Why is lighting so complicated in controlled environment agriculture settings?

Light is the energetic powerhouse that drives photosynthetic activity in support of healthy plant growth. As such, the quantity (intensity), quality (color), and duration (exposure time) of light each play an important role in plant-growth activity and health. Light energy characteristics will either limit or enhance the rate and relative performance of plant development.


Light provides the sole source of energy for photosynthesis via plant pigment absorption, but the variances in its duration also serve as an external signal that triggers a transition to the next phase of plant growth, such as fruiting and flowering. The growth and development lifecycle for any given plant species is regulated by its unique requirements for light intensity, light duration (photoperiod), and light quality. While no single lighting technology offers optimal lighting characteristics for all plants or environmental conditions, controlled environment agriculture (CEA) facilities can realize significant benefits from lighting systems tailored to their specific applications and lighting needs.


Replicating Daylight


The faithful replication of the sun’s natural light is not a trivial task. In the 1930s a handful of very large lamps, rated at 75 to 100 kilowatts (kW) each, were developed by GE and Westinghouse in an attempt to replicate sunlight [Here is a fun article from the Smithsonian about Edison/Westinghouse Rivalry]. Despite their best efforts, to this day, there are no available man-made light sources capable of perfectly producing and sustaining sunlight’s energetic characteristics for identical plant photosynthetic activity. The closest approximation to a perfect solar-radiation profile is produced by a device known as a solar simulator.


Solar simulators typically resemble a large lighting luminaire (that is, an integrated lighting fixture), but the obvious similarities pretty much end there. Precisely manufactured and controlled, these hugely expensive devices are commonly used by solar industry researchers and manufacturers of solar photovoltaic (PV) cells and modules to test product performance under intensely controlled radiation and atmospheric conditions. Using a combination of light sources, including custom lamps and lasers, a better approximation of daylight can be produced. Despite its high level of technical sophistication, a solar simulator is still unable to entirely replicate sunlight’s temporal and spatial variations.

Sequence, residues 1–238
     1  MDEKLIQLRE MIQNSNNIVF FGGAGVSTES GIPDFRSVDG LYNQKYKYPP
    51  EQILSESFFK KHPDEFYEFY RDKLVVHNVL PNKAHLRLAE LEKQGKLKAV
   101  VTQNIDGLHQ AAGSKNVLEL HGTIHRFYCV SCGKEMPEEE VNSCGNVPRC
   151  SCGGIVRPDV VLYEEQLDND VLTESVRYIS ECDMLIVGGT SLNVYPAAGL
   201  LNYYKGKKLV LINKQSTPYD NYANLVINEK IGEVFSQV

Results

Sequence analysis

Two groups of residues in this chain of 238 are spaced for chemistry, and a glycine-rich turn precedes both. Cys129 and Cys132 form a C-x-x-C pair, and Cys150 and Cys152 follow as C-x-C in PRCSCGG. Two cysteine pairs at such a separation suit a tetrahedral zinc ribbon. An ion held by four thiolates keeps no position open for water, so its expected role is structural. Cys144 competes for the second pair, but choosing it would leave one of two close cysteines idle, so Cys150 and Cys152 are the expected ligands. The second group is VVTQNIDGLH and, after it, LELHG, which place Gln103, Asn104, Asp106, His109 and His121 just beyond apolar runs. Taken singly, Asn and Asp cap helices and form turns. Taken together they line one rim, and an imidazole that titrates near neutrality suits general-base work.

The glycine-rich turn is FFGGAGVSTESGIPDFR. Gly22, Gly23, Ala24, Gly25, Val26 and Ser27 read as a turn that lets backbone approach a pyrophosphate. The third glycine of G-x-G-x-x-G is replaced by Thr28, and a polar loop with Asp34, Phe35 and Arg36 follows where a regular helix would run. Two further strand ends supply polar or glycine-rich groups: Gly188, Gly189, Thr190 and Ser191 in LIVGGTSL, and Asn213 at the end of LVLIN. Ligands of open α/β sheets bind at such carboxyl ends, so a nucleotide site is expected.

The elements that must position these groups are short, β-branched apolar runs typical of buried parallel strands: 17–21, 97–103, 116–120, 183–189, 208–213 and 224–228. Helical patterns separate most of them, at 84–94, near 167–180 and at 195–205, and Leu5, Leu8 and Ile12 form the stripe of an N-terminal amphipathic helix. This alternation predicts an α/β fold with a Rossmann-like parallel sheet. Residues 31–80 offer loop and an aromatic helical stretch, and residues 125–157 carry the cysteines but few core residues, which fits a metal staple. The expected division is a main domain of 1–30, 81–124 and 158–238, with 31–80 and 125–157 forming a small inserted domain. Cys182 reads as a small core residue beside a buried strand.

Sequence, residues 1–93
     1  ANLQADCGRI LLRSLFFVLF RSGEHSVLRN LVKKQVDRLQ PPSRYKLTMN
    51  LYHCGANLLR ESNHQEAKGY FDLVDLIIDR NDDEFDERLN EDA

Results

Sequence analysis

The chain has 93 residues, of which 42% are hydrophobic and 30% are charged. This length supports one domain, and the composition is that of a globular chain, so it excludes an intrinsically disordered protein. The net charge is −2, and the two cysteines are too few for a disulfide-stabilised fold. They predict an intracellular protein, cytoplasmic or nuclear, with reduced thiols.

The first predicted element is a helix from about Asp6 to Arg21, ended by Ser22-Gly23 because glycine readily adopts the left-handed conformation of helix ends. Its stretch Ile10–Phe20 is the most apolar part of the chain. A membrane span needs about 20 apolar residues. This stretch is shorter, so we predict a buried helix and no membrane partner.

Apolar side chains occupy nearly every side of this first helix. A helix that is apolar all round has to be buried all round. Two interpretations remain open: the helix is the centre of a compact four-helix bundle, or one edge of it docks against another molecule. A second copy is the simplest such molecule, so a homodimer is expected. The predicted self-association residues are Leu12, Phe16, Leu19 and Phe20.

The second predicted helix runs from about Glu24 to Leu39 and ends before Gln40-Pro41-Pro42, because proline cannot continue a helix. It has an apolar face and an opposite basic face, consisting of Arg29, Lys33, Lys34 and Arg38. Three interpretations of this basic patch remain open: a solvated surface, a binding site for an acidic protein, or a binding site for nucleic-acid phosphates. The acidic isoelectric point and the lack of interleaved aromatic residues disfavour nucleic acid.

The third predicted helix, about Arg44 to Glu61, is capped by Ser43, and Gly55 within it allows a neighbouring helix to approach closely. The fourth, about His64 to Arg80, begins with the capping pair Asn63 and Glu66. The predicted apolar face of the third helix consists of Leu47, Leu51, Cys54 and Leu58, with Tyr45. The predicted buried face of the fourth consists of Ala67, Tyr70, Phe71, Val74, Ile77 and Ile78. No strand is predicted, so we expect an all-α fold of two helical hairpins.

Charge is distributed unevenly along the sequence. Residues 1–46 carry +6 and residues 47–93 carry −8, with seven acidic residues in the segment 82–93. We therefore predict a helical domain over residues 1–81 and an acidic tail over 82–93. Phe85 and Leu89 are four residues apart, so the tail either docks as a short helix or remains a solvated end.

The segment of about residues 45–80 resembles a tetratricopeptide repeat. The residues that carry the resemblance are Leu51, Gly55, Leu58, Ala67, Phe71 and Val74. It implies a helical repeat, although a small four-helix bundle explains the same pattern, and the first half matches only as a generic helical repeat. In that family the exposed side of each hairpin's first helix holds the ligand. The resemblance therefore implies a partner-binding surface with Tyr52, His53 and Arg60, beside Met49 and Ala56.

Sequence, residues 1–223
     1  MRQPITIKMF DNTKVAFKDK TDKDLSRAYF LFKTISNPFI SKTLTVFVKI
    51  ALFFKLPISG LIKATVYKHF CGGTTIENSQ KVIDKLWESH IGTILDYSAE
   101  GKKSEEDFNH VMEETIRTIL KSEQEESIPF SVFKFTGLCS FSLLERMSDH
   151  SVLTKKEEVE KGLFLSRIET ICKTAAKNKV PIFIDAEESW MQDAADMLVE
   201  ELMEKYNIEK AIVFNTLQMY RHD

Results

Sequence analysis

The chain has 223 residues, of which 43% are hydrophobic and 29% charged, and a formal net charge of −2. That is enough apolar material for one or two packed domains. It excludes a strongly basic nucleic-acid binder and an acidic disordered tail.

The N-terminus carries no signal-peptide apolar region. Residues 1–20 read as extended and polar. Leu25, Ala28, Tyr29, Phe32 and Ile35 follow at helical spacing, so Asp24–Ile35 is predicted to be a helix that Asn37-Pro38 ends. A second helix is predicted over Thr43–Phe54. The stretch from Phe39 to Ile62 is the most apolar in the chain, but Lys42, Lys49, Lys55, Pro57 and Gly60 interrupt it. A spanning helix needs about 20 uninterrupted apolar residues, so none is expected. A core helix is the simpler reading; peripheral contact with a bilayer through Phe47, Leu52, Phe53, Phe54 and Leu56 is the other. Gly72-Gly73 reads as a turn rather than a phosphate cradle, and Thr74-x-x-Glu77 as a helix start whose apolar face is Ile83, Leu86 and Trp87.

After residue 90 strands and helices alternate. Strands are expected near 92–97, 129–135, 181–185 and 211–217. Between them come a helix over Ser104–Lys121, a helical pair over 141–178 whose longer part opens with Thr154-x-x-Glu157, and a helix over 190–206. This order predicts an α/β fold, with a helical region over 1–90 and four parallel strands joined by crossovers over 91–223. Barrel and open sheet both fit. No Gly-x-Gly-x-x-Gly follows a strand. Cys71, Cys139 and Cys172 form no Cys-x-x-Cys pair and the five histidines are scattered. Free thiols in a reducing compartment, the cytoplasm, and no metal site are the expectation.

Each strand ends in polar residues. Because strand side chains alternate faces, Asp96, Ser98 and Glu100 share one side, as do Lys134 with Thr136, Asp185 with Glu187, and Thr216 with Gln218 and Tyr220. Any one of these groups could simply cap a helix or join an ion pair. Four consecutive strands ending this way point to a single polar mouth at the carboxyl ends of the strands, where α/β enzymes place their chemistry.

The Search for Standards


The measurement and reporting of light quantity, quality, and duration of availability provide indicators of healthy and productive plant development. Yet accurate light measurements are often overlooked, misunderstood, or insufficiently characterized for horticultural lighting applications. The continuous measurement of light energy availability, and to a lesser extent its quality, opens the door to the discovery of viable improvements toward optimal light delivery, a critical determinant of crop growth and health characteristics.


A wide and growing array of commercially available lighting equipment is now being designed, manufactured, and marketed directly for use in CEA applications. The reliable evaluation of performance for lighting-product performance is complicated by the diversity of technologies, the many variations in product design that “enhance” existing technology, and the wide variety of approaches to equipment and systems integration for commercial CEA applications. There are currently no established industry standards for the design, performance, integration, interoperability, and test requirements and conditions for horticultural lighting equipment. As a result, product specifications and performance details are often inconsistent from one manufacturer to the next, making the direct comparison of relative performance attributes like operational energy usage nearly impossible.


The serious need for equipment standardization— to enable more-reliable product evaluations and interoperability—is indicated by a large cloud of ambiguity hanging over the horticulture-lighting industry.







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